A specific tumor-targeting magnetofluorescent nanoprobe for dual-modality molecular imaging

Jyun-Han Ke, Jia-Jyun Lin, James R Carey, Jenn-Shing Chen, Chiao-Yun Chen, Li-Fang Wang
Biomaterials 2010, 31 (7): 1707-15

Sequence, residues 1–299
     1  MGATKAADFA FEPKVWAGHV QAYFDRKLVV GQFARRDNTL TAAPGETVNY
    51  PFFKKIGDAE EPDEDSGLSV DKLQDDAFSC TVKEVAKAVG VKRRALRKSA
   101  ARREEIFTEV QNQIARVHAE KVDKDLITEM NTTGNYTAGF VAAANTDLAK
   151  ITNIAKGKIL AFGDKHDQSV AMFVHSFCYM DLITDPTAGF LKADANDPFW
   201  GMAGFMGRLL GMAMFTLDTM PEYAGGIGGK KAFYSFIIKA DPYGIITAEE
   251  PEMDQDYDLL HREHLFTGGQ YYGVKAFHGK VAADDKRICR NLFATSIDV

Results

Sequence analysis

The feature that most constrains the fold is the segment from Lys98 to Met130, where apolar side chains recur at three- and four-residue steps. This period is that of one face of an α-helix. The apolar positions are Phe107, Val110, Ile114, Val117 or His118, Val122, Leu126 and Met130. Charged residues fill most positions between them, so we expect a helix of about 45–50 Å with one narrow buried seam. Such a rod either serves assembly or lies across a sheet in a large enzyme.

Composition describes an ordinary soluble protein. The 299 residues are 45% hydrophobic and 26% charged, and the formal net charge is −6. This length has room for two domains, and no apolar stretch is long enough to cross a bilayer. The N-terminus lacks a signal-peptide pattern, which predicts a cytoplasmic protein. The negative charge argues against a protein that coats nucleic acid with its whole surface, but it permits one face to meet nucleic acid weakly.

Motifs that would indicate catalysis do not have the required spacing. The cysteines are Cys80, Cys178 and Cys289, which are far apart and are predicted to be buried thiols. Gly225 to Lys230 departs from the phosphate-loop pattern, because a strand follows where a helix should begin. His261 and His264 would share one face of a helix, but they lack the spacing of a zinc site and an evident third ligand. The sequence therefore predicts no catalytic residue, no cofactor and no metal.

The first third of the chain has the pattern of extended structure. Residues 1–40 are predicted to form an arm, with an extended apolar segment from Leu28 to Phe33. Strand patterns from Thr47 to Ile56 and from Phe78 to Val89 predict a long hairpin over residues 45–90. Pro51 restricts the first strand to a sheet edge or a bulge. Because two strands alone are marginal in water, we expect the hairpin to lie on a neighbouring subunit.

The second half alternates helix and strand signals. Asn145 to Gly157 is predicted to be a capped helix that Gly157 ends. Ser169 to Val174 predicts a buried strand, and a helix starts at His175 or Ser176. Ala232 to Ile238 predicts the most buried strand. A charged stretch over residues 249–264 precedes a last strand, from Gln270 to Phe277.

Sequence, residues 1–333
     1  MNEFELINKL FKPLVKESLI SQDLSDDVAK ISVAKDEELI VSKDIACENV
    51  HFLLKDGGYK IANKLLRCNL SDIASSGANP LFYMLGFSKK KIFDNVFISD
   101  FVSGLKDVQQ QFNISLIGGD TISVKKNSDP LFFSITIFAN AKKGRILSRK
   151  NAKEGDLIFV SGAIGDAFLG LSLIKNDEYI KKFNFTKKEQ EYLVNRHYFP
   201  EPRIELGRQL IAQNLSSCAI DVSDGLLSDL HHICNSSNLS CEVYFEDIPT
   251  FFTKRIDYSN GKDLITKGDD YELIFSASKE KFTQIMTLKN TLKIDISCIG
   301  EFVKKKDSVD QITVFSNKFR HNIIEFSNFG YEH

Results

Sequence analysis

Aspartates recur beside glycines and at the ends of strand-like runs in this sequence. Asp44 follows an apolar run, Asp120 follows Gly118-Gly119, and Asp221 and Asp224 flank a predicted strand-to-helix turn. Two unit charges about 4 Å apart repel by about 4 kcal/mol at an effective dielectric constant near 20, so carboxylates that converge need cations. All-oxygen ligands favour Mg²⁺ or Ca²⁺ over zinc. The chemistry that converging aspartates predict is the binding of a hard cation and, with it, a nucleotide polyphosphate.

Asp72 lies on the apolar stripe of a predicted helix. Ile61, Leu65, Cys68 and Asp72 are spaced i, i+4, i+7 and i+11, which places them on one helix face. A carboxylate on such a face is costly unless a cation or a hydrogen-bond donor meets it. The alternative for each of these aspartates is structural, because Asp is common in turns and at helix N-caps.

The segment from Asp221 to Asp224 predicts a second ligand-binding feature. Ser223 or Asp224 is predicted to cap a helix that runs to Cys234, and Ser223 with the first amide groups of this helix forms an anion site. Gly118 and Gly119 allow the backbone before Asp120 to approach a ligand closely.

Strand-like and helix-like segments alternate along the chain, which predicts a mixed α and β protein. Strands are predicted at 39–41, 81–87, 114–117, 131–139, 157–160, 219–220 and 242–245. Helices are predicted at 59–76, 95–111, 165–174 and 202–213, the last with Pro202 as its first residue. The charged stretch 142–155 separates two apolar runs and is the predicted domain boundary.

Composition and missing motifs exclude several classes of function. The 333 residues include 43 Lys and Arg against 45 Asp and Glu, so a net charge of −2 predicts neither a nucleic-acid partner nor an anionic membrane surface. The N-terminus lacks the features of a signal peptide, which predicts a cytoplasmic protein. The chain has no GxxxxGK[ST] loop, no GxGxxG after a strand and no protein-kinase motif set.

Poly(acrylic acid) was decorated onto Fe(3)O(4) resulting in a highly water-soluble superparamagnetic iron oxide. The Poly(acrylic acid) iron oxide (PAAIO) complexes possess specific magnetic properties in the presence of an external magnetic field and are attractive contrast agents for magnetic resonance imaging (MRI). The free carboxylic groups of PAAIO exposed on the surface allow for covalent attachment of a fluorescent dye, Rhodamine 123 (Rh123) to form PAAIO-Rh123, which permits applications in fluorescence imaging. PAAIO-Rh123 is therefore a dual-modality molecular probe. In order to endow specific properties to compounds that target cancer cells and to prevent recognition by the reticuloendothelial system (RES), folic acid-linked poly(ethylene glycol) (FA-PEG) was further conjugated onto PAAIO-Rh123. The amounts of Rh123 and FA-PEG on the modified iron oxides were quantitatively determined by elemental analysis. The iron content was determined by inductively coupled plasma-optical emission spectrometer (ICP-OES). The particle diameters were characterized by dynamic light scattering (DLS) and transmission electron microscope (TEM). Superparamagnetism was confirmed by the superconducting quantum interference device (SQUID) magnetometer. The cellular internalization efficacy of the modified iron oxides was realized in folate-overexpressed FR(+) and folate-deficient FR(-) KB cells by flow cytometry and confocal laser scanning microscopy (CLSM). The quantitative amount of iron internalized into different harvested KB cells was measured by ICP-OES. The T(2)-weighted MR images were tested in FR(+) KB cells.

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